A research project undertaken by Britain’s Rail Safety and Standards Board (RSSB) has found that freight train lengths could be increased by revising the wagon coupler load ratings that determine maximum trailing weights and train lengths.

RSSB says that the change would allow freight operators to safely haul more wagons per train than current practices allow, reducing their environmental impact and improving financial efficiency.

The research project has gathered evidence that supports increasing a 34.5 tonne coupler rating by 16% to 40 tonnes. Some couplers currently rated at 56 tonnes could have this increased by 13% to 63 tonnes.

The enhanced ratings can be applied to wagons operating today without the need for modification work or a detailed engineering assessment. This would apply to over 12,000 wagons, more than 50% of the fleet operating in Britain.

The environmental and financial benefits have been confirmed by real-world case studies.

A train currently comprising 24 wagons operating for 80km each way would be able to be lengthened to 27 wagons, reducing CO2 emissions by 0.25 tonnes and producing projected annual cost savings of £291,000.

Increasing the length of a train operating for 376km each way from 14 to 16 wagons would save 1.4 tonnes of CO2, and reduce costs by £245,000 a year.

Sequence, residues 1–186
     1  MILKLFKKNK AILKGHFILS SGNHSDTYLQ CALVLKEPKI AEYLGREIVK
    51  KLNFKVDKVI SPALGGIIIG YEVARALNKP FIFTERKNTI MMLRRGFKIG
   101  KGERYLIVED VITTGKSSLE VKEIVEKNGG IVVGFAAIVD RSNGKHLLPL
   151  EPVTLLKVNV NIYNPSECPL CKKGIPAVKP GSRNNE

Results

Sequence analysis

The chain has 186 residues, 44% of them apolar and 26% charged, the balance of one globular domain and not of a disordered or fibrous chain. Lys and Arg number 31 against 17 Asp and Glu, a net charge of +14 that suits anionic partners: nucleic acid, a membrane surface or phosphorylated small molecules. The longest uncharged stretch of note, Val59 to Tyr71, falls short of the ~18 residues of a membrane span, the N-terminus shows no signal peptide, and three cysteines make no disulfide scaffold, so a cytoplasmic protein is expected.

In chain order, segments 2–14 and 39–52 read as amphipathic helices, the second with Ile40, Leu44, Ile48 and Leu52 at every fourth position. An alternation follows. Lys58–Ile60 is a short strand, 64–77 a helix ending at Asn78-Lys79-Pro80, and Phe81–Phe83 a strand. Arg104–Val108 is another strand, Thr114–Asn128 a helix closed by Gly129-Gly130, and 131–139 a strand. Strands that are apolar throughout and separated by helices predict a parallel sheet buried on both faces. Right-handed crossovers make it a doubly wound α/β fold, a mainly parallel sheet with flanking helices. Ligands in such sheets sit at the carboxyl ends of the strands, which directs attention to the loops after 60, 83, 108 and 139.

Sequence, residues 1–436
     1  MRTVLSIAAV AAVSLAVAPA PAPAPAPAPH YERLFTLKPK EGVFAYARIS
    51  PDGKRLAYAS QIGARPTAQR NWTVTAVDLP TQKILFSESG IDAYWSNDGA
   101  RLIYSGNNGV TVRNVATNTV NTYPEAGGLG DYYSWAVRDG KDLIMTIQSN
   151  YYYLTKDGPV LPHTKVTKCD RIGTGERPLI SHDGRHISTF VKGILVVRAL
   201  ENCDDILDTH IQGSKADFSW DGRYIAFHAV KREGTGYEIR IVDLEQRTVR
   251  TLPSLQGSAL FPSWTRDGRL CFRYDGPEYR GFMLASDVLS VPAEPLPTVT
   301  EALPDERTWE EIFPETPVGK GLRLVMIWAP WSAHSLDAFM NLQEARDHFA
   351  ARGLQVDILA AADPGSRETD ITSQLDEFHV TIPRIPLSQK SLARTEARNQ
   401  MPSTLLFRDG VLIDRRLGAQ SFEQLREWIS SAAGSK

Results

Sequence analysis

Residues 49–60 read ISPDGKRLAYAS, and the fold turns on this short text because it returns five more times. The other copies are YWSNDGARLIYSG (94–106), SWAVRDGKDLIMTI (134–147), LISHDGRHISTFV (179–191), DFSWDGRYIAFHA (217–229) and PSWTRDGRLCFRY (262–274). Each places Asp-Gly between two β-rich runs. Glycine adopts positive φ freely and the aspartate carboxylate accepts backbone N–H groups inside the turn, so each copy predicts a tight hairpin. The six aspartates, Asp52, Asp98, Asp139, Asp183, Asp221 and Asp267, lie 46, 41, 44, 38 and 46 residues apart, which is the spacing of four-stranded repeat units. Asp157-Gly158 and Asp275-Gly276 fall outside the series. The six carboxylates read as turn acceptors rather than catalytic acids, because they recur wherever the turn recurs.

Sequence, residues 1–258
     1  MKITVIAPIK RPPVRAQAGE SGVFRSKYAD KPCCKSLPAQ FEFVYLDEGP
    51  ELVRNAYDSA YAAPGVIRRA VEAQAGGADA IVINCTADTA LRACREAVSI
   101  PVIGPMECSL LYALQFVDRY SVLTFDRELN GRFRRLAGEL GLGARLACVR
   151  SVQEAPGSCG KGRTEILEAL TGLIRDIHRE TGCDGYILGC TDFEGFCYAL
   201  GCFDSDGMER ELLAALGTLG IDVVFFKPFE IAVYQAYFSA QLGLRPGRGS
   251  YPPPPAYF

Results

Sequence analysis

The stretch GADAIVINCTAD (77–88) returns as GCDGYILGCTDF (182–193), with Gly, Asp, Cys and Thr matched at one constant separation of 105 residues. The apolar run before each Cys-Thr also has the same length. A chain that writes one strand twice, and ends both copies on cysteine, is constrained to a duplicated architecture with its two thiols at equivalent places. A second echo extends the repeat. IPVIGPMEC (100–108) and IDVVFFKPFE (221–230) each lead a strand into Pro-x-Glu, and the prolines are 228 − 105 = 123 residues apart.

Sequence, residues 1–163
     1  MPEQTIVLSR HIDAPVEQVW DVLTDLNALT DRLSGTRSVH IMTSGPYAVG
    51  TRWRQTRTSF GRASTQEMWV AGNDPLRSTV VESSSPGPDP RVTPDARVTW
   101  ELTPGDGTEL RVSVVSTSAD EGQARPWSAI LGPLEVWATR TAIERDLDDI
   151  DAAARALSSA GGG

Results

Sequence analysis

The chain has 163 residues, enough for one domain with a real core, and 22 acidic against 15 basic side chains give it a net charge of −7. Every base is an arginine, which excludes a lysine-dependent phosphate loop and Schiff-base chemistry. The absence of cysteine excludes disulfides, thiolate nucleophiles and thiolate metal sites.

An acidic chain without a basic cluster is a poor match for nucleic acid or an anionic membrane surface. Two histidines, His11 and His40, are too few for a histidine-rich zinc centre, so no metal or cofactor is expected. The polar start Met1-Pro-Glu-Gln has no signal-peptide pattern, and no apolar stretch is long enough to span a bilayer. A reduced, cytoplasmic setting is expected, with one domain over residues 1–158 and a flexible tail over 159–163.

On a journey of the same length, increasing a 19-wagon train to 23 wagons would save £364,000 a year and cut CO2 emissions by 2.1 tonnes.

RSSB says that the improved freight coupler load ratings are now being implemented, with freight operators working to identify routes suitable for longer trains

“By enabling longer trains, more goods and materials can be hauled per journey,” says RSSB lead research analyst, Mr Aaron Barrett. “This will have a hugely positive impact on emissions and financial efficiency.”

“This research project is the first in a series, funded by the Department of Transport, designed to help the rail freight sector in Britain. Our freight research programme is currently focusing on the safe operation of rail freight, raising the average speed of services, enabling the operation of longer trains and reducing emissions.”

“This research is hugely promising,” says rail minister, Mr Huw Merriman. “Government investment in new ideas and innovations is vital as we continue to strengthen the UK supply chain and strive towards greener freight and net zero by 2050.”

Ms Maggie Simpson, director general of rail freight lobbying organisation the Rail Freight Group (RFG), says that RFG members “have been working hard to improve the efficiency and performance of their rail freight services, and look forward to moving more goods and materials on the new capacity this research has identified.”

“RSSB’s research projects are bringing modern thinking and analysis to age old issues, and will enable more goods to be hauled by train without needing investment in new infrastructure or rolling stock.”